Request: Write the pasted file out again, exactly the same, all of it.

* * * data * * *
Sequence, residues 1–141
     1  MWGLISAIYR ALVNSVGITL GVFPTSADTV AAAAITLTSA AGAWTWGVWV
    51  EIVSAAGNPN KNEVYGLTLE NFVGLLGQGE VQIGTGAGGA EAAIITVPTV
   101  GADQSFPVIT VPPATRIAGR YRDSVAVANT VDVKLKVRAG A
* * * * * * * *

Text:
Sequence, residues 1–141
     1  MWGLISAIYR ALVNSVGITL GVFPTSADTV AAAAITLTSA AGAWTWGVWV
    51  EIVSAAGNPN KNEVYGLTLE NFVGLLGQGE VQIGTGAGGA EAAIITVPTV
   101  GADQSFPVIT VPPATRIAGR YRDSVAVANT VDVKLKVRAG A